Never one to hold her opinion, Jenny Holzer tackles the modern moment in “Demented Words,” her new text-based exhibition at Hauser & Wirth. Just opened at the gallery’s 22nd Street space in New York, the conceptual artist employs her signature language medium to critique Trumpian politics for this latest body of language-focused art.
For the past five decades, Holzer’s work has centered on the social influence of power, reconciling our emotions, experiences, and ultimately, our broader culture within those effects. In this showcase, she highlights nearly 300 evocative “curse tablets” alongside her massive “WTF” centerpiece, an electronic sign that swings and slides across the gallery’s ceiling, displaying Tweets from former President Trump and QAnon. The piece’s frenetic rhythms nod to an often fraught and divided cultural landscape, while the curse tablets combine ancient traditions with markers of modernity. These purposefully-damaged plaques are fashioned to gallery walls and floors—inspired by historic Roman vengeance tableaus. Holzer’s Twitter-stamped versions bear Trump’s words on ruined tiles, proclaiming: “Remember I told you so!” and “I just want to stop the world from killing itself!” and “Our great country has been divided for decades. Sometimes you need protest in order to heel, & we will heel, & be stronger than ever before!”
Along the gallery’s walls as well, Holzer’s large-scale linen paintings recall timely topics in American government. These works reveal enlarged pages of redacted official documents from the 2016 Presidential election and FBI records on the Patriot Act. Their texts are largely obscured beneath gilded and platinum paints to suggest secrets hidden beneath their shiny surfaces. Ominously, her “keyhole of history” work reads: “The distant future is visible to the naked eye through the keyhole of history.”
The idea of tumult beneath the veneer is hardly uncharted territory for Holzer. Since her famed 1970s “Truisms”—a series of sharp, witty one-liners—she has created socially conscious public art with a focus on language. Following her diverse studies in painting, printmaking, and liberal arts, the Ohio-born creative, moved to New York and joined the Whitney Museum’s independent study program. A member of Colab and the feminist artist movement, Holzer, 72, began her work engaging the possibilities of words and public spaces. In her many projects since, she has used platforms from advertising billboards and trucks to LED sculptures and light projections to raise awareness through her inspired messaging. The artist leverages her own words—as well as those of poetic and political others—to point to world inequities.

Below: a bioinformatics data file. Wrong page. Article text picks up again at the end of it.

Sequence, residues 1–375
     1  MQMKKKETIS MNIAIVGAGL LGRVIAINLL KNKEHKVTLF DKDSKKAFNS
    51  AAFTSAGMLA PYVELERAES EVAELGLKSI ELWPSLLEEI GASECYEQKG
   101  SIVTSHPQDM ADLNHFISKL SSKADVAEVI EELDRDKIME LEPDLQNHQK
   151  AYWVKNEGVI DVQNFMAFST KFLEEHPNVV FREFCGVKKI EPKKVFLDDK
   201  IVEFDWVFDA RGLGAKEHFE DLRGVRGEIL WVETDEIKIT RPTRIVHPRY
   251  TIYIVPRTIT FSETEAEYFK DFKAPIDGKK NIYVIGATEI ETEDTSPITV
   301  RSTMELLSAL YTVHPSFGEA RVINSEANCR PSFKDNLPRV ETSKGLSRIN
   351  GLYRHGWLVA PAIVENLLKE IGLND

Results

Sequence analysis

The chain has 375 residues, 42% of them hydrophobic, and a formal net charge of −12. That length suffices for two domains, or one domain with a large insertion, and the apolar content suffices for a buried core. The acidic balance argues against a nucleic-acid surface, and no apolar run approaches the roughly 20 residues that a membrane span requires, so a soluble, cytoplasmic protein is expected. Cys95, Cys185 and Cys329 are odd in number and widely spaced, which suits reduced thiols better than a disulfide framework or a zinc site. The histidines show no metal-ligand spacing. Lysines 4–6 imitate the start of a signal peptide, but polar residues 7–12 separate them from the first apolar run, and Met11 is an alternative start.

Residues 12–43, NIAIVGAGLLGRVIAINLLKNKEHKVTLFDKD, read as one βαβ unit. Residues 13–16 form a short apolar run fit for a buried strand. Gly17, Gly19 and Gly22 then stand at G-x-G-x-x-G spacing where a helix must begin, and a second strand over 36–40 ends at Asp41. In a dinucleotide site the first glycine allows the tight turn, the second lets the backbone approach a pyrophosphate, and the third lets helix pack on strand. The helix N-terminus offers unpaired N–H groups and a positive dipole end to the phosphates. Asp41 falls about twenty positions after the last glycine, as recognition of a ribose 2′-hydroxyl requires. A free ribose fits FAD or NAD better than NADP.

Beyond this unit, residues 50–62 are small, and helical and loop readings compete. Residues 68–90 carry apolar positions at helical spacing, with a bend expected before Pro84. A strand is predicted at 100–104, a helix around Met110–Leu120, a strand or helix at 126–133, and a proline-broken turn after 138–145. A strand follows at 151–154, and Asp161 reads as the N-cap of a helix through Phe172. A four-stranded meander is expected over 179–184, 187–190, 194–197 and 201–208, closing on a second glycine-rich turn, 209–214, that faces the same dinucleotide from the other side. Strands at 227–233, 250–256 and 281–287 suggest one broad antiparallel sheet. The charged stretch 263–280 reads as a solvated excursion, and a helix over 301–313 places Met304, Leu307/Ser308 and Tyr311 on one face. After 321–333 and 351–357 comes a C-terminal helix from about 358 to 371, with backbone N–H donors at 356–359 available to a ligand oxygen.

Across her practice, Holzer provocatively questions how views are shaped by the language we see and hear. Her body of activist art centers on global issues including human rights, AIDS, gun violence, and international conflicts. Many of her text-based series, such as “Inflammatory Essays,” “Survival,” and “Laments,” have received critical recognition. Notably, she was awarded a Golden Lion at the 44th Venice Biennale, where she became the first woman to represent the U.S.
From international projects in London’s Piccadilly Circus and Paris’s Louvre Pyramid to the lobby of 7 World Trade Center and most recently, “Demented Words,” Holzer’s impact owes largely to the social mirror her works wield. Distilling many voices and truths, conflicting facts and fictions, the artist presents these issues as a step towards progress. Her stark messaging urges audiences not to look away. She presents boldly to push us to think deeply about the words we see and hear—in hopes of looking ahead differently and better.
“Demented Words” is on view at Hauser & Wirth 22nd Street from September 8 to October 29, 2022 at 542 W 22nd St, New York, NY 10011.